So this week, in honor of cuteness, the less recognized superpower, I have been drawing something cute each day in my sketchbook. Of course, cuteness is subjective, but if you’d like to follow along, I have been posting them on Instagram. The greatest thing cuteness can offer these days is to, in some small way, lift a person’s spirits and maybe even help a person smile. If either of those things happen when you see my drawing, then mission accomplished.


The 10th Annual Halloweensie Contest

Today I’m celebrating a social-distanced Halloween by posting my uber-short (100 words) kidlit story for Susanna Leonard Hill’s Halloweensie contest. For some reason this year, I’m kind of obsessed with Frankenstein. What if Frankenstein was a kid? What would it be like to be so green? Could Frankenstein be solar-powered? Anyway, hope you enjoy the story!

Furley Frankenstein

Furley Frankenstein was tired of social distancing.

He’d been cooped up in the lab ever since he became undead.

“Pleeeeeease, Dad? Can’t I go out? It’s Halloween.

No one will care that my skin is green.”

“It’s just not safe,” said Dr. Frankenstein.

“Don’t you know, there’s a pandemic going on!”

The door locked when it slammed behind him.

Furley groaned!

Furley stomped!

Furley moaned.

Furley noticed something shiny on the counter.

His dad forgot the skeleton key!

He listened for his dad’s footsteps to fade.

Furley snatched a medical mask,

unlocked the door,

and crept out into the night.

Professional Critiques

I am part of several critique groups and some of the members are published authors. I have learned so much from each critique partner and when I look back at my earlier drafts I realize that my work has improved dramatically over the years because of the help of fellow writers.

When I get really stuck with a manuscript, I’ll even pay for a professional critique. And sometimes, every now and then, I win a professional critique. BONUS!!!! That’s what I’m going for now. If you write for children and you want to enter as well there is still time. Here’s the link:

You’ll have to pick a manuscript ahead of time that you want critiqued, and even tougher, you’ll have to choose a few pros from the long list of authors, illustrators and agents who have generously donated their time to help lowly unpublished writers such as myself to get just a little closer to reaching their publishing dreams.

So, thanks to each and every one of you, because writing this post earned me 20 extra entries! Whoo-hoo!

Hope everyone is staying healthy and creative.

Lots of love,


Fall Writing Frenzy!

In celebration of the changing season, I decided to write an entry for the 2020 Fall Writing Frenzy hosted by Kaitlyn Sanchez and Lydia Lukidis. Thanks to the entire Children’s Literature Community for your encouragement and support.

Image courtesy of Unsplash.


by Bonnie Kelso

The path to Preston’s art studio

is a narrow ribbon of dirt weaving between

blackberry bushes and pine trees.

Wide-eyed cats stare

as curious neighborhood dogs

push wet noses into my empty hands.


the crooked house by the creek.

I walk inside,

welcomed by the scent

of sawdust and paint.

On the pegboard hangs folded art paper,

printed leaves,


but at the same time,


In the corner is her name,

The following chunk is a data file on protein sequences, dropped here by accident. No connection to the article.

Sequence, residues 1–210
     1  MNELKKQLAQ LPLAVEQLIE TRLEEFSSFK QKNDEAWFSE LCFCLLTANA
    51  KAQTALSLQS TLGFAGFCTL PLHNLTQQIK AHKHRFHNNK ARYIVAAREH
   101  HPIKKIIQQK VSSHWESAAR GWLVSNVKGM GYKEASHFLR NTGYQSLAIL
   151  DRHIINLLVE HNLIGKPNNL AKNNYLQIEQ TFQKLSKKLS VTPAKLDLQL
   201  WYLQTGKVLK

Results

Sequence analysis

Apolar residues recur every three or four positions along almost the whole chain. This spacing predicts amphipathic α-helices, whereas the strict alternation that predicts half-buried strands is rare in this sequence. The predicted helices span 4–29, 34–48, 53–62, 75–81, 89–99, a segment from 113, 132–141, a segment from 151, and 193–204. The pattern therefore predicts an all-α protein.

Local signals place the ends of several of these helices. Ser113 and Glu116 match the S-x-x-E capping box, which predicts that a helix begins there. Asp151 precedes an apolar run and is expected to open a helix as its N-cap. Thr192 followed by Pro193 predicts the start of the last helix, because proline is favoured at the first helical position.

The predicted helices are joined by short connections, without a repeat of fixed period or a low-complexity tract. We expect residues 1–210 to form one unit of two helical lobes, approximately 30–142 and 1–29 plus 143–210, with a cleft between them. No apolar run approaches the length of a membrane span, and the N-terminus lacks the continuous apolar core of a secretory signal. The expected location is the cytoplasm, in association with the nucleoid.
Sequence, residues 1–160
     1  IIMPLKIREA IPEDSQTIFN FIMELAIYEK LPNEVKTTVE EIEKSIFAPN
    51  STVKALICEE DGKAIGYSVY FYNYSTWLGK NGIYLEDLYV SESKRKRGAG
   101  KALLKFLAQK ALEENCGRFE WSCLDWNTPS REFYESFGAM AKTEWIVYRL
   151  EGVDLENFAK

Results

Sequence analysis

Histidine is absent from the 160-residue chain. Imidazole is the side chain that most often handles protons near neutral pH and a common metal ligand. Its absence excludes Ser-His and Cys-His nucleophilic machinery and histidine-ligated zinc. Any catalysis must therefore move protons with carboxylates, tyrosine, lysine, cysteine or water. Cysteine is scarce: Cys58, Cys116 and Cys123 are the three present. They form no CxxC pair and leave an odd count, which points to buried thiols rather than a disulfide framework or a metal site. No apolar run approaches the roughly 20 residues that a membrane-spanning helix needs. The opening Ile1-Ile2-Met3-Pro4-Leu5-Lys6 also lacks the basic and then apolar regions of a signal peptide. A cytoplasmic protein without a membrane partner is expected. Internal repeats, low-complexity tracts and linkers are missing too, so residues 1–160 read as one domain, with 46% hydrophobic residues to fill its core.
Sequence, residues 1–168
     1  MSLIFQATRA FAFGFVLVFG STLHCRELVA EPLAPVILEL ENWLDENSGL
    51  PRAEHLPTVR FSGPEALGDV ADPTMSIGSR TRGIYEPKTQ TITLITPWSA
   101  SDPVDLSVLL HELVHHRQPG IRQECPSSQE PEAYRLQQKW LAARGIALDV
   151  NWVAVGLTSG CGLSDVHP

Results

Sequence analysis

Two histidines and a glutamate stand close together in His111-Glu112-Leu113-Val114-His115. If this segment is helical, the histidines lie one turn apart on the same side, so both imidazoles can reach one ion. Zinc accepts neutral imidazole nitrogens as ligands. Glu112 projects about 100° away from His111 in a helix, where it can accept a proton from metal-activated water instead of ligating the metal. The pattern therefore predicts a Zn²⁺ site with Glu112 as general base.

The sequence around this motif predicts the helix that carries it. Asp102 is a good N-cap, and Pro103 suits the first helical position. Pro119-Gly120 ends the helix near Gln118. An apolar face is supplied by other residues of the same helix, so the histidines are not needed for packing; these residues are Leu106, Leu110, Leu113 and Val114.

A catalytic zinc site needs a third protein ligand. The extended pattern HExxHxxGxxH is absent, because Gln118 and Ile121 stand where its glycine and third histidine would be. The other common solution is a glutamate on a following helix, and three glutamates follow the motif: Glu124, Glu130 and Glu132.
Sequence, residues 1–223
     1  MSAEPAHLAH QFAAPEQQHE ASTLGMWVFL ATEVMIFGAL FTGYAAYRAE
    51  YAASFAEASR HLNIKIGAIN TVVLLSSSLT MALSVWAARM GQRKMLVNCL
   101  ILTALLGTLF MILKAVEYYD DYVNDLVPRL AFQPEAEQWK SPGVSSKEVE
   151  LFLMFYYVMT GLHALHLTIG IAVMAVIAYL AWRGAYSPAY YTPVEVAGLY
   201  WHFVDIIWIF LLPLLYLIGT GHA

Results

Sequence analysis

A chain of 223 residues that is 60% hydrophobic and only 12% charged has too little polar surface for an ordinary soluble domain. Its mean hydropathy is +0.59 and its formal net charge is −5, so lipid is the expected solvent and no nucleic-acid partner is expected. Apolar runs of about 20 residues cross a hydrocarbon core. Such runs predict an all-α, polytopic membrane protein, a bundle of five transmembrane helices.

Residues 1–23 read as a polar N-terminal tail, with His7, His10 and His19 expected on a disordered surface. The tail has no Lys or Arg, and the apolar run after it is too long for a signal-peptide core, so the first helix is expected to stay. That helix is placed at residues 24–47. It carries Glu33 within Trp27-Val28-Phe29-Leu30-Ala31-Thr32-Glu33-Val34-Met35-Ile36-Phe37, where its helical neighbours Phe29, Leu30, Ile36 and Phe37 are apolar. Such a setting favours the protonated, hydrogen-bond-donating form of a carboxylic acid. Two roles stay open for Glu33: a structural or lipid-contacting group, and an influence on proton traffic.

not mine.


All these weeks,

I thought I was the only student.

I never realized how special it felt to be here,

until now.

Have I been replaced?

Who is Autumn?

Is she clever?

Pretty as a scarlet maple leaf? 

I feel like the dry crumpled one,

smothered and crushed

between sheets of fresh paper.

Tossed aside.


“Hi, Summer!” Preston says cheerfully,

“Come meet my new student.”

It’s her!

She is vibrant and full of artistic promise.

Tears well up in my eyes.

As I turn to leave,

she grabs my hand and gives it a squeeze.

“Friends?” she asks.

I am pulled to the table next to her.

Our hands slide into the gooey golden paint

and I feel special again.

Safely Facilitating Art

This Sunday I will be facilitating an art class at the Discovery Children’s Museum. It will be my first time teaching since the coronavirus pandemic began. The museum has been open for several months now and I trust they are taking every precaution to provide a safe environment for their guests and staff. We will be socially-distanced and wearing our masks as we create art together as a community.

Like so many others, I’ve missed these moments of connection. There is something special that happens when you create art as a group and it’s hard to recreate online the synergy of a live face to face (or in this case, mask to mask) event. But the more we work together to find our way through the challenges of this pandemic, the more resilient we will become as a society. Trust and respect have taken on new importance, as we navigate the aisles of grocery stores, the waiting rooms of doctor’s offices, and the recreational activities we long to engage in.

I’ve always believed that the arts play an important role in our individual healing processes. Part of why I love being an artist is to be able to connect with others in unique and profound ways. So, I look forward to an afternoon of creating art in new and innovative ways. We are all pioneers of this new world reality.


Since the lock-down began, I’ve suddenly had a lot less time to work on my projects. The funny thing is… I’ve somehow managed to still find time to work on my projects! I’ve had to make a lot of tough choices in order to stay productive. It’s heart-breaking work to have to say ‘no’ to comfortable routines and people we care about, but it helps you to understand in your heart what you need to continue saying yes to, no matter what. The world is changing on micro and macro levels all at once. Even when things “go back to normal” we’re only kidding ourselves if we believe that anything will ever be like it was. I’ve been learning important things about myself during these past few months. Like the other day when a distracted driver almost ran me over in the crosswalk. I learned two things in that one moment. #1, I learned that my crisis response is to freeze, not fight or flight. #2, I learned that I had been taking for granted that a few lines drawn on the street could grant me safety. They don’t. In these times we have to be extra vigilant. We have to observe. We have to look both ways, again and again, even when the lights are green and the little walkie man is flashing. It’s okay to freeze, but at some point we need to start moving again. But when we do, we have to remember that the world has changed, that we have all changed. There will be some things we will miss. But there will be other things that we can rebuild to be better than they were. We have to decide to hold on to that hope.


©Bonnie Kelso and Creating Your Experience

For a limited time I have reduced the price of my coloring books to $7.99. Enjoy!

Check out this new 100 Day Project on Instagram: #TinyLifeLines2020